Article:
5. Evaru : Language – Telugu
This is a film which pushes you to keep up with the pace of the action, drama, and the conversations between the lead characters, because the devil lies in the details.
Everything beyond what is shown in the trailer is a spoiler for this film. So, brace yourself for a no-context review.
Sameera (Regina Cassandra) is found in a hotel room in Coonoor with a gun in hand alongside a dead body of police officer Ashok (Naveen Chandra). Hassled and in shock, she is paraded to the police station where she pleads innocence on the account of self-defence, as Ashok raped her. Enter Vikram Vasudev (Adivi Sesh) a cop who meets with Sameera to find out everything there is to find out, to help her case.
For someone who watched the film, The Invisible Guest, Evaru does have striking similarities. Although the characters, their backgrounds and the nativity has been moved around, the premise is pretty intact. However, as the team insists that it isn’t the same film, Evaru feels like a game of spot the difference – looks almost the same but not quite. In their defence, the movie would have excited and thrilled me a lot more if I had not foreseen the twists – which were many. Evaru keeps you guessing to a point of resignation up until the very end. Even when you are convinced that this is the last of the lot, there is always one more little twist that changes everything.
The first half of Evaru involves quite some banter. Despite flash cuts to Sameera’s narrative, one would have to follow the chatter closely to make any sense of what is happening. As the film’s concept goes, there are many narratives to keep track of and it will be worth the attention. You will have no idea who the bad guy is and that secret is guarded thoroughly.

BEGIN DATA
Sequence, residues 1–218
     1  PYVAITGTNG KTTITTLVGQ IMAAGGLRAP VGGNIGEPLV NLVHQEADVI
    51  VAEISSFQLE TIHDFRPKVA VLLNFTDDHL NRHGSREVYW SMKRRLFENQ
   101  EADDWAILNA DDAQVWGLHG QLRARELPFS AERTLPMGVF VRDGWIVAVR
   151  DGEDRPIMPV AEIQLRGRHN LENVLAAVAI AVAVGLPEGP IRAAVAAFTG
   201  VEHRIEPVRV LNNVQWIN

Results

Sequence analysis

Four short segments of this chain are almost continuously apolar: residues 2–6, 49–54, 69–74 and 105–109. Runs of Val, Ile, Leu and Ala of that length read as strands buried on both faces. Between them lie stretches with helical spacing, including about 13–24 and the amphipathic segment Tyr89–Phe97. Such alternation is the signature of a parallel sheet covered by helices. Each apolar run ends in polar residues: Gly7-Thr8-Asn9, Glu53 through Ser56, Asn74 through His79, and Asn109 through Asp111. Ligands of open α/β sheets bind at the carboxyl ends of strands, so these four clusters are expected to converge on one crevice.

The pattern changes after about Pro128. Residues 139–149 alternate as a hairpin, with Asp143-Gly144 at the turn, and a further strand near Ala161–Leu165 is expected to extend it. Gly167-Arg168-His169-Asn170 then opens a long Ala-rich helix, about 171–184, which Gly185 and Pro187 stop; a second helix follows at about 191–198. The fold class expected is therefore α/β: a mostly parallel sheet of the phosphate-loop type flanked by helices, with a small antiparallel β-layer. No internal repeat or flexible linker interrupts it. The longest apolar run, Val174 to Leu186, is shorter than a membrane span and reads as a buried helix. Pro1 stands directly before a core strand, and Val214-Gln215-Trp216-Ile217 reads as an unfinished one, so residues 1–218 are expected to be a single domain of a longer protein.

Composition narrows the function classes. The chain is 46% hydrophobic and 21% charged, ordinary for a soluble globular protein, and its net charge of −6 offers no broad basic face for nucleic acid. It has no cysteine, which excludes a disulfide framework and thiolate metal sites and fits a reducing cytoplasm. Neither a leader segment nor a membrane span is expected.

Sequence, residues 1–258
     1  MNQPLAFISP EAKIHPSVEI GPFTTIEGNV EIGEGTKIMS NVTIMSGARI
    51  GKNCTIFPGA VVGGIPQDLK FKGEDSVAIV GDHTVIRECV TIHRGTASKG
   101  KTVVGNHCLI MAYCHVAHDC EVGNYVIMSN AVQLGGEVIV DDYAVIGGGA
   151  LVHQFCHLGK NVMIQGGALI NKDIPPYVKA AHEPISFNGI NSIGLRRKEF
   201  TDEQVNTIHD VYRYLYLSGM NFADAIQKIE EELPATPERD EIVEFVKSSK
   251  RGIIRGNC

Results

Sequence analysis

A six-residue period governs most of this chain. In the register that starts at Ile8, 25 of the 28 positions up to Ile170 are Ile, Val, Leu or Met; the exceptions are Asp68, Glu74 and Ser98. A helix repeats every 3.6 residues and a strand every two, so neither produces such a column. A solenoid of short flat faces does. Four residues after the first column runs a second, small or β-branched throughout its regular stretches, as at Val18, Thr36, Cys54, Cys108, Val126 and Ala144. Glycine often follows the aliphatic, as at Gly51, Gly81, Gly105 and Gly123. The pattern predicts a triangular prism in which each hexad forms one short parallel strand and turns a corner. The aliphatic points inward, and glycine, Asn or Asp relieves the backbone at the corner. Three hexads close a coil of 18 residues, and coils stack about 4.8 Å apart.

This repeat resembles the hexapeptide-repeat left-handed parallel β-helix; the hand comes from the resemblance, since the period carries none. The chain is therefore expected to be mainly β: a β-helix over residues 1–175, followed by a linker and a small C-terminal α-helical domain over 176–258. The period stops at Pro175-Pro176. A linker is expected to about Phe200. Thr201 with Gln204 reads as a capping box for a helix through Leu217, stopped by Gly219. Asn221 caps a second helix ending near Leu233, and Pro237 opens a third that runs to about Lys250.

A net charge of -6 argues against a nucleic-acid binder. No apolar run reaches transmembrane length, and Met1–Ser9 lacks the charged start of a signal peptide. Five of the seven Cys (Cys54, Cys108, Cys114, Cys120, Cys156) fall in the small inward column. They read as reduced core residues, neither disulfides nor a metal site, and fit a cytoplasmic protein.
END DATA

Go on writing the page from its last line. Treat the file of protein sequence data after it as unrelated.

The flippant sarcastic notes of the token corrupt police officer however, somehow felt out of place. Nihal Kodhaty as the troubled cancer patient turns some heads, he is a kid to watch out for. Props must be given to cinematographer Vamsi Patchipulusu for holding the audience’s intrigue. Uncomfortably tight close-ups really try to bring the emotion out especially as Sameera gets hounded for evidence after her rape. Meanwhile, Music Director Sricharan Pakala who seems to be Sesh’s go-to guy for thrillers, delivered. Although I could not shake off the feeling that there was some Kshanam hangover left in his background music. Venkat Ramji, the debut director now has quite a film under his belt.
If you are in for a twisty thriller, Evaru is your pick . Load up on the popcorn and maybe carry a notebook, because you will want to scrutinise every detail as you go.
You can watch this on Amazon Prime Video.